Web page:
Do Re Mi Fa So Anyway the Von Trapps Are Prestige-TV-Dramafying Themselves

Photo: Bettmann Archive via Getty Images

Long episodes of prestige miniseries,
This Is Us moments that get us all teary
Neat little plotlines all tied up with strings,
These are a few of our favorite things

All of these are also apparently the favorite things of the Von Trapp family, whose story was made the stuff of musical-theater canon by Rodgers and Hammerstein’s The Sound of Music. The stage show and its 1966 film adaptation end with the family fleeing Austria and escaping the Nazis, but in reality, that’s only when their musical careers really began to take off, at least in the United States. Now, the great-great-grandson of Baron Von Trapp, Myles Von Trapp Derbyshire, is adapting that postscript into a multigenerational scripted TV drama that he likens to This Is Us and The Crown. Called Baroness, the show will be set in the 1940s in the United States, and rather than rehashing the singsong cheeriness (and uncomfortable Nazi-youth-love-story subplot) of the musical, the series will have an edge: Maria Von Trapp, made famous by Julie Andrews, might be kind of a pill. Myles tells ”Page Six that the real Maria was “a very loving but strong-willed woman with a temper,” and the show will depict her as such.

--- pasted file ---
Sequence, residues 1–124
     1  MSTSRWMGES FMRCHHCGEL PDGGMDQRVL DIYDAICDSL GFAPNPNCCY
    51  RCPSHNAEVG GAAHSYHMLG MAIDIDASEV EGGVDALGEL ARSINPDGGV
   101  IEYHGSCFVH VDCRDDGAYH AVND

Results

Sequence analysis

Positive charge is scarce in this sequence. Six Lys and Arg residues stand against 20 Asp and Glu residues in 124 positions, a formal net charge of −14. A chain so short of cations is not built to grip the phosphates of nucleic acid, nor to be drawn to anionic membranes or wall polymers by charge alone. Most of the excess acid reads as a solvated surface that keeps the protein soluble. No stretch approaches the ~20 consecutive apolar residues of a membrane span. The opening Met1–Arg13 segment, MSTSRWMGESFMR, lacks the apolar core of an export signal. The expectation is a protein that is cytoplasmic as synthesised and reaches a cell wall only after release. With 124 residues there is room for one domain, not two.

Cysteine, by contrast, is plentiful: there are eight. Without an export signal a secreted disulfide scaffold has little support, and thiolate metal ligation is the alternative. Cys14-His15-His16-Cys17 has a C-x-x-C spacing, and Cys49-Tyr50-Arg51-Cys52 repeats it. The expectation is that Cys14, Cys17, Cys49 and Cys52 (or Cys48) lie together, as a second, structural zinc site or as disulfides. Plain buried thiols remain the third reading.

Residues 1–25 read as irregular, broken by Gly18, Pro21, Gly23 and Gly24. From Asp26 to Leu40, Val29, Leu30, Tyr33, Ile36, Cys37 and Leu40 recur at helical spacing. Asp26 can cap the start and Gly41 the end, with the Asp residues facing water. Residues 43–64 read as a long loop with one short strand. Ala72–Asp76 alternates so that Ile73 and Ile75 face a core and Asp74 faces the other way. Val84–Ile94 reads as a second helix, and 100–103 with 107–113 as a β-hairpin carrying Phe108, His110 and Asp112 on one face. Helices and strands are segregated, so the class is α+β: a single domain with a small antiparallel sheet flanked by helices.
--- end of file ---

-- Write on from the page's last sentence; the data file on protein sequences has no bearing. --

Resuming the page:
One other thing the show will focus on: property disputes. The series will begin in the period after the family opened an alpine-style lodge and resort in Stowe, Vermont, and will dramatically adapt the real family infighting and legal battles over lodge inheritance after Maria’s death in 1987. It all sounds very Yellowstone but with more lederhosen. Also, the show’s titular Baroness won’t be the woman who inspired one of the most beloved characters of all time, but rather her daughter-in-law, Myles’s grandmother Henriette. “The only person who could play my grandmother is Meryl Streep,” says Myles. And will it be a musical? “Oh God no,” he says. So get ready for the Sound of Music sequel everyone wants: a drama largely focused on estate law in the state of Vermont, starring Meryl Streep opposite a kind of bitchy Maria von Trapp. And zero singing. Lay-ee-odl-lay-ee-odl-oo!

Do Re Mi Fa So … the Von Trapps Are TV-Dramafying Themselves